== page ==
First, let me just say this on the record by saying that I was in tears during that session. His passion when recording is simply excellent. I was in the middle of a studio session with Don Michael Jr., finishing up the hook, when Mir walked in and asked to listen to what I had recorded so far. He instantly started to vibe with it and whipped out his phone to begin writing. Immediately after typing his words on his phone, he jumped into the booth and began singing. Don and I were blown away. The sound was truly angelic, and I was proud to have picked him to be on the song. When collaborating with artists, you may have a person in mind for the track, but they may not necessarily bring the piece to life as you anticipated. But I knew I had made the right choice with him because I knew his words would be relatable to my fans and people from Camden. I appreciated that he could tap into his pain, allowing himself to be completely vulnerable. He went the extra mile to pull my fans into his world. As an artist, it's essential to have the ability to paint your vision to your fans. Otherwise, they will create the wrong narrative behind your work.

I can recall our first encounter two years ago at Clubhouse. It was a new app then, and I remember always seeing you host rooms where your headline would be something about Camden artists. I would always stop by and listen, and eventually, you would bring me onstage to engage in conversation. I appreciated that because it helped me to be more vocal about my passion for music and establish networking skills from home. Once it was time to hit the real world and go to events where I had to be face to face with people, I was more comfortable expressing myself while networking. With being on Clubhouse and utilizing it to help build your other platforms, how has it allowed your music career to flourish? 

It's the reason why I am talking to you right now. Starting off on Clubhouse helped me kickstart my podcast and my brand to the point where I could network with individuals and tell them what it was that I was doing. It enabled me by placing me in rooms with individuals I probably wouldn't have a chance to talk to if I had to fly out to their office. It gave me easy access to people who had the knowledge to help my career. While on Clubhouse, I was able to get Instagram audits from professionals who told me what I needed to improve with my social media activity. I would sit in rooms and pitch my music to industry moguls and grab the jewels they gave me. Once I had gained 10K followers on Instagram, everything began to change for me. I started receiving more support and had more engagement than ever before. I began to boost my brand by producing high-quality content. A lot of the information I got on Clubhouse was free game and was more valuable to me than any brand deal because a lot of the guidance I received saved me a ton of money.

Let's go back to your Hood Dreams EP. You featured Mir Pesos on your track Get the Bag. I really love the switch inflows on this piece. During my interview with Pes, I told him that he was like the cowboy of Camden, guaranteeing to turn the party up. From what he told me, he's like a Tasmanian Devil in the studio. What was your experience working with him on this track?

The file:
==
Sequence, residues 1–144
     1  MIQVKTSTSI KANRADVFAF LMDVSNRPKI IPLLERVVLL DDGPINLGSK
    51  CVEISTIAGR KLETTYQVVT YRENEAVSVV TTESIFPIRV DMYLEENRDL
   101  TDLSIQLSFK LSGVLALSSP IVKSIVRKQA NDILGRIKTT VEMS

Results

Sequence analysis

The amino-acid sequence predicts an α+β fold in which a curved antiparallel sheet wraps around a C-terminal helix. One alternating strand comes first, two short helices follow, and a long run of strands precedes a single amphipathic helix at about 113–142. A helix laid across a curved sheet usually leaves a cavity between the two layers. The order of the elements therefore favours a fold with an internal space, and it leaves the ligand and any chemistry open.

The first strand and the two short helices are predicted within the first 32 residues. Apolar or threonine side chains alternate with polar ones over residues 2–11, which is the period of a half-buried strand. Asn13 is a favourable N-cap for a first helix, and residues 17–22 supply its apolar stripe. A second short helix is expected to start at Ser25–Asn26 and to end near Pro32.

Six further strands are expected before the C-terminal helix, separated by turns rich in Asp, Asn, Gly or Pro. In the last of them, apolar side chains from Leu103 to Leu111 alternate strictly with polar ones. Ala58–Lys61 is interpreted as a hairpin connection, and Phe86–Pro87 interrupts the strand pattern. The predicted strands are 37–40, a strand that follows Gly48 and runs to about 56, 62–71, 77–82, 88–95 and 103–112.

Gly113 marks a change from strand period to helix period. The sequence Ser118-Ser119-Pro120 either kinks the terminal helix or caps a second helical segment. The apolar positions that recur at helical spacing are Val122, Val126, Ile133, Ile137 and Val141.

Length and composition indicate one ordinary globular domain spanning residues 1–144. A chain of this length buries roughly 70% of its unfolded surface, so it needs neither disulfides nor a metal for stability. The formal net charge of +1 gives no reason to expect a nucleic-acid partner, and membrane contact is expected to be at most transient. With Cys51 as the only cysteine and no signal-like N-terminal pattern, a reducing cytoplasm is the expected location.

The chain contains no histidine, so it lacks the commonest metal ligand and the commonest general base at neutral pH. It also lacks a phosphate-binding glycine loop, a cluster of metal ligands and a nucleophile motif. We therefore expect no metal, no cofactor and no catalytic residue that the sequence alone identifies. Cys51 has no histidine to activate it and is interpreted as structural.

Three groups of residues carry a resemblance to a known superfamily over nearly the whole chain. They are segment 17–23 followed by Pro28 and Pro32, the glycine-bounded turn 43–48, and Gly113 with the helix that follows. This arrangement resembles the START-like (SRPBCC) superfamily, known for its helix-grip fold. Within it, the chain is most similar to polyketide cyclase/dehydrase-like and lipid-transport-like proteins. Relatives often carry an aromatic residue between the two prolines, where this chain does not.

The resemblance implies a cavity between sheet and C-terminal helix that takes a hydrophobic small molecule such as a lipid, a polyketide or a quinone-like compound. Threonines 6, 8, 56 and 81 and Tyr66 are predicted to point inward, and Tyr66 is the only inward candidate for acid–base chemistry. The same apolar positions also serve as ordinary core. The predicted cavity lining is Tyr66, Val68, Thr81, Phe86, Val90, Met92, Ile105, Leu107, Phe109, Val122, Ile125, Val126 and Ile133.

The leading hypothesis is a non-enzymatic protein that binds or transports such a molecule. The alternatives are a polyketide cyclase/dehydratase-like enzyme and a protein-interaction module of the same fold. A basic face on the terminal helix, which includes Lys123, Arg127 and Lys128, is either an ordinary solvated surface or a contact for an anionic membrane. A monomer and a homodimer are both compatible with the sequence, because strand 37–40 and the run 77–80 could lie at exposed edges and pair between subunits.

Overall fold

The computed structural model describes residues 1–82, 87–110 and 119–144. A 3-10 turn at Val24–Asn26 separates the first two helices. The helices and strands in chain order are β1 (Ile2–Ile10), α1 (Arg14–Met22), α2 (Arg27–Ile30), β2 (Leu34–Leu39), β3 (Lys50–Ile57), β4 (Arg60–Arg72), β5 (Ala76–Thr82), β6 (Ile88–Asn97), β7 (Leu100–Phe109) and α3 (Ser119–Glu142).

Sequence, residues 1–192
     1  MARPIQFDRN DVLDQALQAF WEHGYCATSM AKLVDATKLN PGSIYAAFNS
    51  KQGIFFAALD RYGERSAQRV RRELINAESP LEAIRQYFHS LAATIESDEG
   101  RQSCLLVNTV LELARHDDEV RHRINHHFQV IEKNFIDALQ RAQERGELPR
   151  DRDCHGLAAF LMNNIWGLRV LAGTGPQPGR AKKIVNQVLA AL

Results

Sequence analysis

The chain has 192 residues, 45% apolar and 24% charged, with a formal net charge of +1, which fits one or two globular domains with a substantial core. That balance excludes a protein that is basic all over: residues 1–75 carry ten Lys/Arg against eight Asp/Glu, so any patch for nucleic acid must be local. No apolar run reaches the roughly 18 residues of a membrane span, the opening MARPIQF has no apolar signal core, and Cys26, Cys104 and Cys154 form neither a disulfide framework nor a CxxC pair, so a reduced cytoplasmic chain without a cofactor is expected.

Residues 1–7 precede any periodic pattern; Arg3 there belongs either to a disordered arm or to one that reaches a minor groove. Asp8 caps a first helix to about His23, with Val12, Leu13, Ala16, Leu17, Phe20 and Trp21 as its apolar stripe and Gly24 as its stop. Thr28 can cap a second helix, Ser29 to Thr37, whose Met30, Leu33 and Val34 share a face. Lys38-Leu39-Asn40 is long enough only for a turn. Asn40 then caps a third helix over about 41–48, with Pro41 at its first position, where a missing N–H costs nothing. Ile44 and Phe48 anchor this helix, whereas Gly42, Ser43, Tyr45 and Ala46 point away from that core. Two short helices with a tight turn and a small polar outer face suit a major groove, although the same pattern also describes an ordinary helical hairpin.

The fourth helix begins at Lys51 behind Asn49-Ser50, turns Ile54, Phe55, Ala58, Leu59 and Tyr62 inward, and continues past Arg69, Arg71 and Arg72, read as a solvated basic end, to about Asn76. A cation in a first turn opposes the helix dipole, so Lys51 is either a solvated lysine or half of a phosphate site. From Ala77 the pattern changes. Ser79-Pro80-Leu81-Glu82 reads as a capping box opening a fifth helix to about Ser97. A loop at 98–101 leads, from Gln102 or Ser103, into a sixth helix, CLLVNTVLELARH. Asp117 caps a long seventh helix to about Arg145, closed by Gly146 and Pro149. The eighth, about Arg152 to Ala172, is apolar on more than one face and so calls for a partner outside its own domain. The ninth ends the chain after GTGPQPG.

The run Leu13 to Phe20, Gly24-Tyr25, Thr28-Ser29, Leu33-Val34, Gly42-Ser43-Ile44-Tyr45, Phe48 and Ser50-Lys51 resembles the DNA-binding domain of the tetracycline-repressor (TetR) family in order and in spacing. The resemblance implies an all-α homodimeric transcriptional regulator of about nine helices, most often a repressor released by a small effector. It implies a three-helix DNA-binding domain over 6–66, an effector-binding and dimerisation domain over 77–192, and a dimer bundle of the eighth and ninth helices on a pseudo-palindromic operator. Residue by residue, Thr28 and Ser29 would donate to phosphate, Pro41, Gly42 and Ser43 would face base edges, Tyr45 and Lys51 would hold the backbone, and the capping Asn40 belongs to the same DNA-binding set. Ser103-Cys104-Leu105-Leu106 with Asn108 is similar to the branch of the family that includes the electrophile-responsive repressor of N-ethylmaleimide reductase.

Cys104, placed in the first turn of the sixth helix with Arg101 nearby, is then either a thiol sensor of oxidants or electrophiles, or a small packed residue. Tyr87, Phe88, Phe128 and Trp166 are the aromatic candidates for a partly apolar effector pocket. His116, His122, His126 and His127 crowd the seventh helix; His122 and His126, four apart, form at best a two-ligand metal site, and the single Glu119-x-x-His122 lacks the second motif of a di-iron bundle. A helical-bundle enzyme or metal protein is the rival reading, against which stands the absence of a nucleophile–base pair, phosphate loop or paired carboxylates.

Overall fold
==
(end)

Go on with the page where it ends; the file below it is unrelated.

Well, I can honestly say that he is so entertaining and dope. One night after leaving a session, I went to another session where Fre$ko and Mir were already there recording. As soon as I got there, he asked me to put the beat on. I turned the beat on, and he started turning up and dancing all around the studio. By the time I started recording my verse and finished, he was already done writing his verse down and ready to record. I remember him instantly killing the track once he started recording. Everyone present in the studio was amazed at the punchlines he was spitting. Mir is an artist in his own element who knows the lane he works best in. He gave his 100 percent on that piece.

I've never experienced seeing him in the studio, but I can visualize it based on the stories I have gathered from you all. Are you currently working on any new music for the summer?

I am working on a Jersey club version of my song Count It Up. I will be collaborating with RoBB on this track. He has the Ain't No Way challenge blowing up on Tik Tok, so it's only right that he produced this joint. I am also preparing for the Count It Up video, and my fans can anticipate the release of Hood Dreams 2.

Wow, you are going to have such a busy and productive year! 

Everything is happening so fast. When people say that things can happen overnight, they can if you work hard.

What has been the biggest highlight of your career so far?

I had premiered Count It Up in a room full of accredited writers and music moguls such as Derek Milano while on Clubhouse. They complimented my music and told me that my work could really go far. That moment gave me the validation I needed to keep going. I felt like I had finally made it. From then on out, I stayed dedicated entirely to my career. I missed a lot of sleep and canceled many plans with my friends to boost my brand even further. There were times when I wanted to pop bottles with my friends, but I had to invest in my career instead.

I respect the fact that you made investing in your career a priority. Artists will never get their music off the front porch if they do not invest in themselves. What is some additional advice you can give some of the NJ indies who read our blog for gems for artists like yourself?

Find yourself and find your sound. Then find your lane. I'm not the artist I am because I tried to be like Da Brat or Missy Eliot. I have to be Renny. As an artist, you got to own your brand, your name, and your lane. You have to believe that your dreams will happen if you stay patient and consistent. I started doing this when I was 16; now, I'm in my 30s. I'm still in the projects, but I keep going. Use as many free resources as possible and tools that you can. People will take you seriously if they see you working hard and putting in the effort. The artists you know who are making it are putting in the work. Study what they are doing and apply the method for your own career. You must have a supportive team as well. There will be times when you feel like quitting, but a good team will make sure they support you 100 percent. When your team sees you putting in the effort, they will help you.

This summer, keep an eye out for Renny's upcoming projects. This is an incredibly inspiring journey that will encourage other artists to keep going even when support from others seems thin. In her music, she tells the story of staying in touch with your roots yet reaching high enough to be known all over the world.